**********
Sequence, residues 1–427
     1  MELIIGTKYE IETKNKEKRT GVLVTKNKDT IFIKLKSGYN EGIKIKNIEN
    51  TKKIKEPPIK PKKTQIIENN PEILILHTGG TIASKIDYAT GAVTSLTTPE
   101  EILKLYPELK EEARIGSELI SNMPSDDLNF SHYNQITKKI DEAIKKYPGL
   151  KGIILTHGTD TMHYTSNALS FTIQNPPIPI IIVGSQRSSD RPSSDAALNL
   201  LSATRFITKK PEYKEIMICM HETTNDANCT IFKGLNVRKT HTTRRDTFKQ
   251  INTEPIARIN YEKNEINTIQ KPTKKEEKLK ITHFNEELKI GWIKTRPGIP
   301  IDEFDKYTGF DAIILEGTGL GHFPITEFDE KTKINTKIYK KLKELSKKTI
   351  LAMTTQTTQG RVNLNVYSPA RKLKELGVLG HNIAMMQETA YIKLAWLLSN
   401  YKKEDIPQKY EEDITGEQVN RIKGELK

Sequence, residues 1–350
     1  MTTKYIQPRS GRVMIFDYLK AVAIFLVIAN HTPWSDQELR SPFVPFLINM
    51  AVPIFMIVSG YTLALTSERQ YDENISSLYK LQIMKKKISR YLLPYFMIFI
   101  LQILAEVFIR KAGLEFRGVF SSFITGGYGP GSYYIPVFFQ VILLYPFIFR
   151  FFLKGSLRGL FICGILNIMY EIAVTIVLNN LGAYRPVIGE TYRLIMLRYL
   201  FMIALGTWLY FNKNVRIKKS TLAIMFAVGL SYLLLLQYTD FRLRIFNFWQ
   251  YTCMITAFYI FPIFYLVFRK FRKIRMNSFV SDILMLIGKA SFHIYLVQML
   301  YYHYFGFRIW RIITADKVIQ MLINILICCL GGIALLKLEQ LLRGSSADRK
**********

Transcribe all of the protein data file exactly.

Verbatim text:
Sequence, residues 1–427
     1  MELIIGTKYE IETKNKEKRT GVLVTKNKDT IFIKLKSGYN EGIKIKNIEN
    51  TKKIKEPPIK PKKTQIIENN PEILILHTGG TIASKIDYAT GAVTSLTTPE
   101  EILKLYPELK EEARIGSELI SNMPSDDLNF SHYNQITKKI DEAIKKYPGL
   151  KGIILTHGTD TMHYTSNALS FTIQNPPIPI IIVGSQRSSD RPSSDAALNL
   201  LSATRFITKK PEYKEIMICM HETTNDANCT IFKGLNVRKT HTTRRDTFKQ
   251  INTEPIARIN YEKNEINTIQ KPTKKEEKLK ITHFNEELKI GWIKTRPGIP
   301  IDEFDKYTGF DAIILEGTGL GHFPITEFDE KTKINTKIYK KLKELSKKTI
   351  LAMTTQTTQG RVNLNVYSPA RKLKELGVLG HNIAMMQETA YIKLAWLLSN
   401  YKKEDIPQKY EEDITGEQVN RIKGELK

Sequence, residues 1–350
     1  MTTKYIQPRS GRVMIFDYLK AVAIFLVIAN HTPWSDQELR SPFVPFLINM
    51  AVPIFMIVSG YTLALTSERQ YDENISSLYK LQIMKKKISR YLLPYFMIFI
   101  LQILAEVFIR KAGLEFRGVF SSFITGGYGP GSYYIPVFFQ VILLYPFIFR
   151  FFLKGSLRGL FICGILNIMY EIAVTIVLNN LGAYRPVIGE TYRLIMLRYL
   201  FMIALGTWLY FNKNVRIKKS TLAIMFAVGL SYLLLLQYTD FRLRIFNFWQ
   251  YTCMITAFYI FPIFYLVFRK FRKIRMNSFV SDILMLIGKA SFHIYLVQML
   301  YYHYFGFRIW RIITADKVIQ MLINILICCL GGIALLKLEQ LLRGSSADRK